Rachel Abrams is a design strategist. With a background in interaction design and political research, she identifies people-friendly, technology-mediated experiences for commercial spaces and public places. Her interest in New York City’s yellow cabs began in 2005, as a participant in the Design Trust for Public Space’s Designing the Taxi initiative. From there, as one of the Design Trust’s six Taxi07 Fellows, she contributed to its report to the NY Taxi and Limousine Commission, Taxi07: Roads Forward. Following the fellowship, Rachel’s independent research has continued to focus on opportunities for policy and tech-led enterprise to intersect and inform each other, exploring how regulators and design innovators can collaborate to improve everyday experiences of public space.
But what is design strategy anyway? We know what IDEO’s Tim Brown thinks. According to Omni-blogger Alex Kauffmann, Brown’s definition stems from his belief that while traditional analytical thinking “narrows and reduces ideas, design thinking broadens and multiplies them.” Rachel agrees: whether by invention or improvement, design for her is a way of interpreting and intervening in our common experiences of places, objects, each other and ourselves.
So, everyone knows what’s involved in taking a taxi. But sometimes breaking down even the most obvious of processes into their constituent elements can provide insights into how design thinking can reimagine, and improve, everyday experiences. She took us on a cab ride in mid-summer 2009. Through her design thinker’s lens, Rachel’s understanding of the basic elements of daily transactions can offer insight, suggesting the touch-points where technology can usefully, appropriately, seamlessly intervene.
As we analyze the steps that we take for granted, the network of actors involved, previously unapparent in a system as complex as this, is revealed.
One of the actors most directly involved in and affected by the conditions of the taxi system is, of course, the driver. For this cab ride, we found ourselves in the capable hand of Anzou, an Ivorian man in his late twenties, who drives a Ford Escape hybrid. Like most cabs, it’s on the road pretty much 24 hours a day, seven days a week. Anzou drives an 8-12 hour shift six days a week and shares ownership of his cab with a colleague who drives it six nights a week. But they don’t own the medallion – the value of which Anzou estimates to be near to half a million dollars these days. It belongs to a small-scale license holder who does not drive a cab. The medallion is what signifies this vehicle is a legitimate yellow cab for hire. The associated hack license indicates its driver is licensed to pick up passengers.
The day before this cab ride, Anzou had a good day of fares: he picked up 23 passengers in 12 hours, trips that ranged from three minutes to 45. These trips provide not only opportunities for capturing hard data, but also chances to learn how the taxi experience itself might be transformed, for drivers and riders alike. Take, for example, the passenger information screen or Taxi TV. How might we reimagine what this screen presents? What other services are viable on-screen that would appeal to passengers and drivers? For programming content, that’s where some design thinking comes in handy.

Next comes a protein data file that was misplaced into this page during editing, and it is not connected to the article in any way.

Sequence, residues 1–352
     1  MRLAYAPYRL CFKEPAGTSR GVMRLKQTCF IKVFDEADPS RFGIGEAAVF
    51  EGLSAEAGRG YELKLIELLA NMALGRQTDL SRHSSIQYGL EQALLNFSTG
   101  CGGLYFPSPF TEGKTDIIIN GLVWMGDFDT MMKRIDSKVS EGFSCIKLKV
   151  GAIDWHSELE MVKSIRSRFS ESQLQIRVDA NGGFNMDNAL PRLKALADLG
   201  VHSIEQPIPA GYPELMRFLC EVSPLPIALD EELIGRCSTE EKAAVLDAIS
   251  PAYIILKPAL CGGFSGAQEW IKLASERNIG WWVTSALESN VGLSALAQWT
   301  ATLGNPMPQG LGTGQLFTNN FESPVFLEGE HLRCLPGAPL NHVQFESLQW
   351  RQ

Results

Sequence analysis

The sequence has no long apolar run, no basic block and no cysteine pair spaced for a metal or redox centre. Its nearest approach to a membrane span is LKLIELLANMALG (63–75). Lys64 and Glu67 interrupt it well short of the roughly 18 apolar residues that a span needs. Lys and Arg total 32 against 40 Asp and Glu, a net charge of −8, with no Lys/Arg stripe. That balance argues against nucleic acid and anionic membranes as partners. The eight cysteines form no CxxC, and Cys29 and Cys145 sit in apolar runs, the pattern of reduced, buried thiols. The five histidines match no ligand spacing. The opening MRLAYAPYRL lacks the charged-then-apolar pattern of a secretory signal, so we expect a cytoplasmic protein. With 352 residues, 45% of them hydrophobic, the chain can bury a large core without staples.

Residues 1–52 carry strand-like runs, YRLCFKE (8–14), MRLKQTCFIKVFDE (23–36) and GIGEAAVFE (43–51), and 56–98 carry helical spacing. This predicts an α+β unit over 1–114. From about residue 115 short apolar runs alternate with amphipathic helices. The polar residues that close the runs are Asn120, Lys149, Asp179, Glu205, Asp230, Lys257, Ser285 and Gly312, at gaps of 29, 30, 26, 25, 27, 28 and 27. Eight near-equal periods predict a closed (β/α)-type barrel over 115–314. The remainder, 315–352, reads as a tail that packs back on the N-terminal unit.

As the City draws inspiration from the Design Trust’s work, and elsewhere, to improve the taxi system’s efficiency, economic value, ease of use and sustainability – to harness the excess capacity both within and among cabs and their users – it could certainly make more of other untapped value in the system, such as what New Yorkers and drivers already know about the city.
The potential of this kind of thinking – capturing simple observations about what’s been previously overlooked, and applying these in both efforts, to keep regulation relevant and to finesse tech-enabled invention – is by no means limited to the taxi cab. Rachel’s current interests go beyond any one New York City government agency or one policy issue. “More broadly,” she says, “bureaucrats face an exciting, if daunting challenge: they serve citizens who, these days, also happen to be tech-savvy consumers with high expectations of commercial services in other everyday life transactions. The bar’s been raised. It’s no longer enough to throw digital capabilities at an institutional mandate to deliver tech-mediated public services. Who’s missing? Designers with empathic skills. Our process for revealing what citizens want and need can help policy makers meet their goals and broker not only what’s technically feasible but also appropriate and desirable.”
Just as we may not usually think of cabs as a central part of the public realm, much less a field of action for designers, many urban systems could benefit enormously from the kind of design thinking that questions the assumptions hiding in plain sight and then finds synergies with social imperatives and policy agendas. Many systems – whether a public good or a private amenity – also require greater efficiency, economic value, ease of use and both financial and environmental sustainability. We’re certainly at a point where public information for and about everything from mass transit to healthcare is opening up and going online. According to Rachel, “as authorities open up access to public data to applications developers and service designers, our transactions as public, participatory actors will be transformed. “At this open moment, a design approach can only enrich the outcomes of this emerging dialogue between government authorities and technology’s innovators. Why? Because although this exchange is already underway, it invites (demands?) public engagement, not least as it promises to shape, among other significant things, the public spaces of the city.”
Photographs by Jacki Munro